Over the last few days I’ve been pondering where narrative might go next, as a result of an interesting news story and a rather lovely website I came across the other day. So first of all, the news story, from the Sidney Morning Herald, which tells us how:
‘Remarkably, half of Japan’s top-10 selling works of fiction in the first six months of the year were composed the same way – on the tiny handset of a mobile phone. They sold an average of 400,000 copies. By August, the president of Goma Books, Masayoshi Yoshino, was declaring in a manifesto that he was determined “to establish this not simply as a fad, but as a new kind of culture”.’
Once you get past the harrumphing of the literary establishment (‘no character development… not real writing’, etc), two fascinating thoughts emerge.
First of all, these novels were originally serialised in a very direct to the reader way. Assuming mobile phone novels take off as a novel reading medium, does that mean we’ll see a resurgence of that very direct reader / writer relationship built up by Victorian serialists like Charles Dickens? And will that kind of very engaged relationship be further encouraged by the way in which both digital entertainments and online fan networks have greatly heightened expectations of how interactive such narratives should be?
In both cases I suspect that the answer is yes – which could well make the act of writing itself much more dynamic and responsive, moving it closer to performance than it has been for a long time.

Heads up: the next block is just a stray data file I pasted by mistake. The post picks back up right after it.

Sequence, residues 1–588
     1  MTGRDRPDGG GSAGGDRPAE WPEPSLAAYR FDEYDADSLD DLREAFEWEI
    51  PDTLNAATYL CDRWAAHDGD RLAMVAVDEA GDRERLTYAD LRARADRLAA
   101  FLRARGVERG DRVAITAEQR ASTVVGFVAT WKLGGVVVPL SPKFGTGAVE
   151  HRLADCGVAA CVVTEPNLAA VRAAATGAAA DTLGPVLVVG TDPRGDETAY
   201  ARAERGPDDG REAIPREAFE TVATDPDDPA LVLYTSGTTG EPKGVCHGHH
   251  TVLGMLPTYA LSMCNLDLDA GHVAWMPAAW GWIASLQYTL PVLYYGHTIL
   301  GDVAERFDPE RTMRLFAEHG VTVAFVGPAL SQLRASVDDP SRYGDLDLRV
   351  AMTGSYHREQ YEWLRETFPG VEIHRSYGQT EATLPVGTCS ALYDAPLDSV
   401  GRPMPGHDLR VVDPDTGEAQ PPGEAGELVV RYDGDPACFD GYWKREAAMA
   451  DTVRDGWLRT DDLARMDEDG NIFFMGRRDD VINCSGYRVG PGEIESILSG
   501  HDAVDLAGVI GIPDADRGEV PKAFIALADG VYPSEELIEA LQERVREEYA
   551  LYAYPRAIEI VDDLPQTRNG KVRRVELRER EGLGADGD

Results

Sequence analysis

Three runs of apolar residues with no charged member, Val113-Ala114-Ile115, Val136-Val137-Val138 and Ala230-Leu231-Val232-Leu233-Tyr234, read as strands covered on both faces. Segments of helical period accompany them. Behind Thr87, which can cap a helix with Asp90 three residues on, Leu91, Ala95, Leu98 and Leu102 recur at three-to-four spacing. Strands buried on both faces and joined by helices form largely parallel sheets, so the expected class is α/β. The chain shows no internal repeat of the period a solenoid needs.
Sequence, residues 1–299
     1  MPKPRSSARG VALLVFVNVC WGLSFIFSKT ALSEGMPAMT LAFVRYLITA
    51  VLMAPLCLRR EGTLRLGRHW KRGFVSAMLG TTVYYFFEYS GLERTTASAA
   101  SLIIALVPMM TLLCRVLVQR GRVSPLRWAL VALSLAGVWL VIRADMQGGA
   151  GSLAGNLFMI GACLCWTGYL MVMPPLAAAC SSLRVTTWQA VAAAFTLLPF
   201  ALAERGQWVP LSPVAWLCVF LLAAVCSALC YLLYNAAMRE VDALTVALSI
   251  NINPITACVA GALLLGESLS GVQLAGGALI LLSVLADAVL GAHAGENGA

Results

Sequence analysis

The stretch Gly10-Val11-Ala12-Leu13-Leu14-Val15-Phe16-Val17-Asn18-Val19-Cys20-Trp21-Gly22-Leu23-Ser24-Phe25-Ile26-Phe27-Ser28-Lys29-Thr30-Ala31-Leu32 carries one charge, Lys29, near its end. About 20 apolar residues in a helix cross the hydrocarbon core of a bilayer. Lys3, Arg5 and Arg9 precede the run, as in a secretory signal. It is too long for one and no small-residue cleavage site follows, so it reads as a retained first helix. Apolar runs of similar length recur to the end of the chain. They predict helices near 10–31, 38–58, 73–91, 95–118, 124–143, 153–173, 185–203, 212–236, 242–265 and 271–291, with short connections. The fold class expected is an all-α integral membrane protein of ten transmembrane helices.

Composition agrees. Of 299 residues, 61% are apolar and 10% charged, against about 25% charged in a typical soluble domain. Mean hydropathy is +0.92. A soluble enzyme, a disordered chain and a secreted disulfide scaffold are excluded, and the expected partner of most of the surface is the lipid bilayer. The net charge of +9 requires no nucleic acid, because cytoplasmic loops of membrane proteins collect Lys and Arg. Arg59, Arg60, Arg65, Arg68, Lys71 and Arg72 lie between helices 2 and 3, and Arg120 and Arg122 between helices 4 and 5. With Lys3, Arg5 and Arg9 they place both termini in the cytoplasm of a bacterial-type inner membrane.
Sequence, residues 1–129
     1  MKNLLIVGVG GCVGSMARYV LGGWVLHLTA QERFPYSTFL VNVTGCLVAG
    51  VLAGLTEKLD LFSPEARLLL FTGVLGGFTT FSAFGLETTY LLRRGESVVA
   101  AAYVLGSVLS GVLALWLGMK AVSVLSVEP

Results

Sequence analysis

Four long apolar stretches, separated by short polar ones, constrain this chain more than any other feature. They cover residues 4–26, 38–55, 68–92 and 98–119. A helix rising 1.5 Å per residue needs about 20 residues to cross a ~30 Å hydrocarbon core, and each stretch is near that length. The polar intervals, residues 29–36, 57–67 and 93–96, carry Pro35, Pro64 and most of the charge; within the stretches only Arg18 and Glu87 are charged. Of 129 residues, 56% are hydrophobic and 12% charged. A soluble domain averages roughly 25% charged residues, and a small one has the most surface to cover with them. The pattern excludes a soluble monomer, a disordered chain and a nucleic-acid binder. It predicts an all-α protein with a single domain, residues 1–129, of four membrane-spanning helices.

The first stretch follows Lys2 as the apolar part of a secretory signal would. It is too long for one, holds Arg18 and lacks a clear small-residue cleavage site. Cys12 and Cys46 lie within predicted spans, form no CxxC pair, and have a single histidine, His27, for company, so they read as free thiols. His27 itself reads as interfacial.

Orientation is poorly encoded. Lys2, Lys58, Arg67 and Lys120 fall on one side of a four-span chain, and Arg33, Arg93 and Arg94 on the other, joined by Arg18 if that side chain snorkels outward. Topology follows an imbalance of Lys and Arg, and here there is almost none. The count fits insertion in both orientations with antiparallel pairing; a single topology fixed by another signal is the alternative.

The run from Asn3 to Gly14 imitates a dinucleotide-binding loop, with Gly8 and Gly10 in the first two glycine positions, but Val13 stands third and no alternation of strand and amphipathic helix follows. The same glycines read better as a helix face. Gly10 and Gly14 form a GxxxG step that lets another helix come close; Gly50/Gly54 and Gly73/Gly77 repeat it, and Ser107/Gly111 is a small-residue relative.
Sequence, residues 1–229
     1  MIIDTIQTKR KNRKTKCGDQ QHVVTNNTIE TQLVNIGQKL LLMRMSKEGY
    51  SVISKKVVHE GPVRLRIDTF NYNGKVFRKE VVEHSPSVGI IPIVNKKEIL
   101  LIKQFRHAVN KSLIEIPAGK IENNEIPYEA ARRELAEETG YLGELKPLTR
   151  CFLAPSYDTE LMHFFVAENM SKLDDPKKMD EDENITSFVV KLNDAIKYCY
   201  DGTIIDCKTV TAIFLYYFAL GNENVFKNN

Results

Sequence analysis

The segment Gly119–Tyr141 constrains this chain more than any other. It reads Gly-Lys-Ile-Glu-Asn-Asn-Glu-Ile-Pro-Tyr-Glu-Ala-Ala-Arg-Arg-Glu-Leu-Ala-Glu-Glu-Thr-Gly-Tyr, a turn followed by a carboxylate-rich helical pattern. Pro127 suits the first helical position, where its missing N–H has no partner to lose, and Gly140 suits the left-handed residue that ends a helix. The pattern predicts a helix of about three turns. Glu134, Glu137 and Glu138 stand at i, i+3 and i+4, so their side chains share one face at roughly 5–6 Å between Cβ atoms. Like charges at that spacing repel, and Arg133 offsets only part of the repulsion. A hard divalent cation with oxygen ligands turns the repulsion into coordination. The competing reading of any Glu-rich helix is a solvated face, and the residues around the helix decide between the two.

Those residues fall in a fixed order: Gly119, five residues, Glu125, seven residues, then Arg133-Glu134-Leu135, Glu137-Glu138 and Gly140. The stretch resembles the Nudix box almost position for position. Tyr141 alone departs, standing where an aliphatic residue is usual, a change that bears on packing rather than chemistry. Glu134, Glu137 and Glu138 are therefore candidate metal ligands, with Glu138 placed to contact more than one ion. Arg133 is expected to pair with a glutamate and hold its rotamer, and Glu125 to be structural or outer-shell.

Secondly, mobile phones aren’t just for writing on – you can take pictures with them, record film and sound, attach music to the resulting presentations, etc. I think it won’t be long before mobile phone generated narratives step away from being just text based, becoming something much more multimedia.
That, combined with full usage of the possibilities of digital interactivity, will lead to the creation of artworks at once far more diffuse and far more immersive than traditional prose works have been. The reader / viewer / listener will be encouraged to play an active part in shaping the narrative, picking and choosing from banks of words, sounds and images to create a very personal interpretation of the story they’re engaged with.
I’m sure people are doing that kind of thing already – and in fact, here’s a purely visual example, that website I mentioned, courtesy of PFSK. It’s a bank of images created during an Inupiat Eskimo whale hunt in Alaska, by unclassifiable maven Jonathan Harris. You can search through the images in multiple different ways, assembling groups that focus on characters, location, theme, mood and so on – focussing on whatever takes your fancy, and assembling a narrative of the hunt accordingly. Is it the future of narrative in general? Maybe so…